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AMD is preparing it's new 'The Uprising' marketing campaign for its Polaris launch, led by the Radeon RX 480 priced at $199, but how does it perform in benchmarks other than Ashes of the Singularity? Well, according to one leaked benchmark, the RX 480 beats the GTX 980 from NVIDIA in 3DMark Fire Strike.
We can see the NVIDIA GeForce GTX 980 with its 3038 score, versus the RX 480 and its higher 3194. It might not be much, but considering the RX 480 4GB (which is the card benchmarked here) is going to be priced at $199, and while NVIDIA's GeForce GTX 980 still sells on Amazon right now (at least at the time of writing) for $450+, AMD is onto a massive winner here. I don't want to throw my personal or professional weight behind it until I do my own independent testing, but I'm beginning to get excited about what AMD has on its hands - and that $199 price point, wow.
In the last 24 hours, we've seen the purported MSI Radeon RX 480 Lightning and SAPPHIRE Radeon RX 480 Nitro cards, both rocking 4GB of framebuffer. Personally, I love the look of the Lightning cooler over the cheese grater look SAPPHIRE has opted for - but these are leaks, we could expect some changes and different models before release.
AMD is on different footing since spinning off its GPU division into Radeon Technologies Group, with our own Jason Evangelho breaking a story through Forbes about RTG's new goals - kicking off its impressive 'The Uprising' marketing campaign.
Jason spoke with RTG boss Raja Koduri and Chris Hook (who is still looking for the Hydrofoil) about their new focus on the mid-range market, and what it means for gamers. Jason reported:
- Prestige. "They wanted the prestige of a $700 video card, but they didn't want to have to pay for it," Hook begins.
- VR that just works. "They wanted the ability to have a great VR experience today or two years from now without worrying about upgrading power supplies and digging into their PC. They wanted to buy a headset at some point and just have it work."
- Respect their investment. "They wanted us to pay respect to the dollars they were giving us and do things in the architecture or transistors or APIs or ASync Compute, that provided a measure of 'futureproofness.' They wanted to be reassured that even if they're only spending $200 they'd feel secure in their investment for a couple years."
- More overclocking control. "We brainstormed what kind of voltage control could be given to them to create a better experience.
- Better drivers. "We feel we've made a great first step there, and we're only going to be putting a heavier foot on the gas this year and next year to make those drivers better and better."
The first note is something worth actually noting - as this is something I totally agree with Chris Hook on. People want the $700 video card, but they don't have the money to pay for it - well, that's where the Radeon RX 480 4GB model priced at $199 steps in. The second note is "VR that just works" - this is how VR needs to be, easy. Ridiculously easy. Not having to upgrade PSUs, motherboards and operating systems goes a long way into keeping consumers happy.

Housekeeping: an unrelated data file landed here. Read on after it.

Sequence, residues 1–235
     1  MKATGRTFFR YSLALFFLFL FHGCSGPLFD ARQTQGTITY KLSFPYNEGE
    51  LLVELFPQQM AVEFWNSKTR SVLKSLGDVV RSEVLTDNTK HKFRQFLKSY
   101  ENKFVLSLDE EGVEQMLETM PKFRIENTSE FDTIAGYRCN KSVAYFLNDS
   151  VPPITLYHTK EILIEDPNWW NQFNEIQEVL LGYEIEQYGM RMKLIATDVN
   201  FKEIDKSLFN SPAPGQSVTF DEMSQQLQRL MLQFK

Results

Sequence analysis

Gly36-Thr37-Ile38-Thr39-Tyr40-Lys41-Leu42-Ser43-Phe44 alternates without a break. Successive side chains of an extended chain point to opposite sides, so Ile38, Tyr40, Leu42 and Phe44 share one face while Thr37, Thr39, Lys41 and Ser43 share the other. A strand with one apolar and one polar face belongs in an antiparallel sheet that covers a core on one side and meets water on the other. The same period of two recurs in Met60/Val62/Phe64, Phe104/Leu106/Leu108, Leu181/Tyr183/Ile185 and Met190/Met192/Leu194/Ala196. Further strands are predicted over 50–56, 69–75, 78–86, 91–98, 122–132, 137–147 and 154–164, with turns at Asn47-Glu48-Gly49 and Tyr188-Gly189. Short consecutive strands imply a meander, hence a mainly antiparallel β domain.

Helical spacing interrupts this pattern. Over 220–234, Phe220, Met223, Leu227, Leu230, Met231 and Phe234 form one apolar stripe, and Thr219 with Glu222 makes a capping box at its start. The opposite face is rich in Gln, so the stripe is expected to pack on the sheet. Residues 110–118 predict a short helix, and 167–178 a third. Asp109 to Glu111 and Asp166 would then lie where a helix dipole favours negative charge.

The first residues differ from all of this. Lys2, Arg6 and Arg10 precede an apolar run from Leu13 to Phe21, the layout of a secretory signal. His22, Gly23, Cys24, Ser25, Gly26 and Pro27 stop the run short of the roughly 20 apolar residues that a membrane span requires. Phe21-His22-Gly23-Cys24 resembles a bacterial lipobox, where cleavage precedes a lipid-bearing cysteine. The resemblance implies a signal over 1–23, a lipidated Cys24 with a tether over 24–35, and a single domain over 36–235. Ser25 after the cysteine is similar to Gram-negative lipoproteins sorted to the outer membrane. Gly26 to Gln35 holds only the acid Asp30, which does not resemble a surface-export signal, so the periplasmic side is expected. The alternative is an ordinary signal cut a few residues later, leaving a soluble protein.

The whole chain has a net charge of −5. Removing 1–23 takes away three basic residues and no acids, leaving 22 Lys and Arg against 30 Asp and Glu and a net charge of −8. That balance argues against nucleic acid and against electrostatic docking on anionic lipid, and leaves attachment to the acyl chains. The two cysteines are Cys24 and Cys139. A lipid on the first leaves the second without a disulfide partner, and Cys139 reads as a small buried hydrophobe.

Respecting their investments for consumers, yes - yes, yes. More overclocking control is an interesting take for AMD, as they're handing much more control of their Radeon video cards to consumers and gamers, which is a very nice change of direction for AMD. Finishing off with better drivers, is something AMD has been championing for around a year now - and from what we're still under NDA about, it's only going to get better in the coming months.
Update: MSI has reached out to us, saying that this is "fake without any doubt". The full statement from MSI: "This stuff is way too retro for any new product...I can guarantee you this is fake without any doubt, There is no need to be too serious about it :)".
Just 24 hours after the leaks on the purported SAPPHIRE Radeon RX 480 Nitro 8GB appear, we have the world's first look at the MSI Radeon RX 480 Lightning, powered by AMD's next-gen Polaris architecture, and rocking a triple-fan cooler.
The leaks are coming from Chiphell, with two photos of the card and some 3DMark benchmarks. The first shot of the card shows off that beautiful Lightning cooler, with a triple-fan system keeping the Polaris 10 GPU nice and cool, with a gorgeous black/white design. I'm definitely loving the look of MSI's offering versus the RX 480 Nitro from SAPPHIRE.
We also get a peek into the power system for MSI's Radeon RX 480 Lightning, which rocks 6+8-pin PCIe power connectors.
The first pictures of a custom AMD Radeon RX 480 have arrived, with the SAPPHIRE Radeon RX 480 Nitro 8GB making an appearance, rocking a new silver cooled shroud with a dual-slot, dual-fan design.
SAPPHIRE's upcoming Radeon RX 480 Nitro 8GB features an LED-illuminated SAPPHIRE logo, with VideoCardz's source stating that the colors will change depending on the fan speed, GPU temperatures, or a custom profile that the user can set.